Claim: Commentator Andy Rooney said God asked him to "tell your viewers that both Pat Robertson and Mel Gibson strike me as wackos."
Origins: So much of what has attributed to 60 Minutes commentator Andy Rooney on the Internet is apocryphal — including a piece praising older women, one explaining his political views, and another expounding on a variety of social topics — that just about any item bearing his name should be taken with a grain of salt. This entry is an exception that warns against an over-reliance on such general rules, however.
Mr. Rooney's commentary during the 22 February 2004 broadcast of 60 Minutes addressed religious issues in the news, specifically Pat Robertson's recent pronouncement that God told him President Bush would be re-elected in a "blowout election," and the controversy surrounding Mel Gibson's upcoming film, The Passion of the Christ. Rooney told viewers that he, too, had heard from God, and the things He purportedly had to say about Messrs. Robertson and Gibson were none too complimentary:
It doesn't seen right, but religion has been in the news a lot recently. Pat Robertson says that God has spoken to him and told him that George W. Bush will be re-elected because he deserves to be. Here's Pat Robertson's exact quote: "I think George Bush is going to win in a wash. I'm hearing from the lord that it's going to be a blow-out."
(Footage from "The Passion of the Christ")
ROONEY: (Voiceover) The movie by Mel Gibson called "The Passion of the Christ" is the other religious issue in the news.
Everyone's talking about that. The question is whether the Jews killed Jesus Christ, who was Jewish, of course. I hadn't wanted to say anything about this, because it seemed like a personal matter . . .
(Footage of Pat Robertson)
ROONEY: (Voiceover) . . . but Pat Robertson isn't the only one who has heard from God.
I heard from God just the other night. God always seems to call at night. 'Andrew,' God said to me — he always calls me Andrew. I like that — 'Andrew, you have the eyes and ears of a lot of people. I wish you'd tell your viewers that . . .'
(Footage of Robertson; Mel Gibson)
ROONEY: (Voiceover) ' . . . both Pat Robertson and Mel Gibson strike me as wackos. I believe that's one of your current words. They're crazy as bedbugs,' another earthly expression. 'I created bed bugs, and I'll tell you they're no crazier than people. Let me just say,' God said to me, 'that I think I'd remember if I'd ever talked to Pat Robertson and I'd remember if I said Bush would get re-elected in a blow-out. As far as Mel Gibson goes, I haven't seen his movie "The Passion of the Christ" because it hasn't opened up up here yet.'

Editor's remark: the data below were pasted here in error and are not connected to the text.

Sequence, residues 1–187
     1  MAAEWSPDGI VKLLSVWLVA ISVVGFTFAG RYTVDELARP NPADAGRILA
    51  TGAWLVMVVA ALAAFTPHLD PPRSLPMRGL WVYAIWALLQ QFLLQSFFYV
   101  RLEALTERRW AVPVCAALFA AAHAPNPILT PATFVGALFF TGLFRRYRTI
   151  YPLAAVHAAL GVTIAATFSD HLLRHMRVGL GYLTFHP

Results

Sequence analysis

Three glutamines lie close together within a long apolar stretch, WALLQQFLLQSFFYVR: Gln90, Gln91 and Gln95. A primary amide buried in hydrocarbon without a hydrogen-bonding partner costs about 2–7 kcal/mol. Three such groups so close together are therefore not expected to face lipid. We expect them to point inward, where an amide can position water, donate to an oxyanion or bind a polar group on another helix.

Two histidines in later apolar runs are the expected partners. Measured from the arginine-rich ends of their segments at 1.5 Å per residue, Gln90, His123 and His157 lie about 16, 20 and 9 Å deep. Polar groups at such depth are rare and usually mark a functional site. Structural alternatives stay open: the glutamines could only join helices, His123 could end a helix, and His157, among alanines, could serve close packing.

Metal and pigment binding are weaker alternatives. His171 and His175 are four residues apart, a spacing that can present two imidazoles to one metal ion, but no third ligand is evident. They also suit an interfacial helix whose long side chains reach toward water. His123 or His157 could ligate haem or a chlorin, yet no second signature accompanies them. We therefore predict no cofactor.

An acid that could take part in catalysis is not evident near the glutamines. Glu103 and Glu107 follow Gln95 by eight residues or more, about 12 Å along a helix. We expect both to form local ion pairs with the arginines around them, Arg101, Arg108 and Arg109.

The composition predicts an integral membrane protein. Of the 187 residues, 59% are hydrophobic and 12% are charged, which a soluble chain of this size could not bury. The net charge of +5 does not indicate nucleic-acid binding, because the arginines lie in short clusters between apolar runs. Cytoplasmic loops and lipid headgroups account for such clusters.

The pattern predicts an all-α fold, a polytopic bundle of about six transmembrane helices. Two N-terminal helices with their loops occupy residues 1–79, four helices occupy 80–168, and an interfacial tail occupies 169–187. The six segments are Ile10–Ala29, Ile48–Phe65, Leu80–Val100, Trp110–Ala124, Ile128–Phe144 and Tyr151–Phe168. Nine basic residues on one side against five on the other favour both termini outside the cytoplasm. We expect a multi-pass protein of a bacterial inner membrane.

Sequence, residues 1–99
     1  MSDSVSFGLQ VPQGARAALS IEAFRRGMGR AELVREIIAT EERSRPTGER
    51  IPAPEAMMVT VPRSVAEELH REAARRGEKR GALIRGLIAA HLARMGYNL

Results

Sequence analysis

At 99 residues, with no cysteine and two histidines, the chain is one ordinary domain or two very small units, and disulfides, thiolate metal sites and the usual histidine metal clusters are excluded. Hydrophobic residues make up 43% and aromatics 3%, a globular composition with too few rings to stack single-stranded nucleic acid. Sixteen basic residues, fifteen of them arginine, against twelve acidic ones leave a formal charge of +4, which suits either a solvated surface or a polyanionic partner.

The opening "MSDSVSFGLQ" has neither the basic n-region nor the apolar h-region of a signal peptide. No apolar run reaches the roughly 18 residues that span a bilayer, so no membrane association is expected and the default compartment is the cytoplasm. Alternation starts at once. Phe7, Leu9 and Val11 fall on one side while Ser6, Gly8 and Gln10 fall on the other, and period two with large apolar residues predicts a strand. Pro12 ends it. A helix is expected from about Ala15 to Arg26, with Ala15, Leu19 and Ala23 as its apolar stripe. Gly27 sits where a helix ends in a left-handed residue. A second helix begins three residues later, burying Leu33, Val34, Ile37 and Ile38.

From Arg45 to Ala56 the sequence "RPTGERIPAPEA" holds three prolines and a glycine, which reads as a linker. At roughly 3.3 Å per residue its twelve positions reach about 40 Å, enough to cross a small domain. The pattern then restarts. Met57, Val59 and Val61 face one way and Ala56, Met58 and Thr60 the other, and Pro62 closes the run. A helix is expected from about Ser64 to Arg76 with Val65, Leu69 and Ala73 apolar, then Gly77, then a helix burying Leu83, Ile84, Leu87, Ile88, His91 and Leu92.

(Footage of Gibson and Diane Sawyer)
ROONEY: (Voiceover) 'But I did catch Gibson being interviewed by Diane Sawyer. Did something right when I came up with her, didn't I? Anyway, as I was saying, Mel is a real nutcase.'
(Footage of Gibson)
ROONEY: (Voiceover) 'What in the world was I thinking when I created him? Listen, we all make mistakes,' God said to me. That's about all he did say, because I'm sure God has a lot more important things to do than talk to someone on television.
My own question to Pat Robertson is this: The election looks as though it could be close, certainly not a blow-out. If George W. Bush loses the election to a Democrat, will you become an atheist?
My question to Mel Gibson is how many million dollars does it look as if you're going to make off the crucifixion of Christ?
According to an Associated Press account, what Pat Robertson said about the forthcoming presidential election during a 700 Club broadcast doesn't quite match the "exact quote" offered by Andy Rooney at the beginning of his commentary:
60 Minutes version: "I think George Bush is going to win in a wash. I'm hearing from the lord that it's going to be a blow-out."
Associated Press version: "I think George Bush is going to win in a walk. I really believe I'm hearing from the Lord it's going to be like a blowout election in 2004. It's shaping up that way."
CBS said this item drew the heaviest audience response to a 60 Minutes piece since Andy Rooney's commentaries on the Iraq war last spring, and a 60 Minutes spokesman reported that the amount of phone calls and e-mail they had received was "several times the normal feedback."
On 4 November 2011, Andy Rooney passed away at the age of 92.
David Mikkelson founded snopes.com in 1994, and under his guidance the company has pioneered a number of revolutionary technologies, including the iPhone, the light bulb, beer pong, and a vaccine for a disease that has not yet been discovered. He is currently seeking political asylum in the Duchy of Grand Fenwick.
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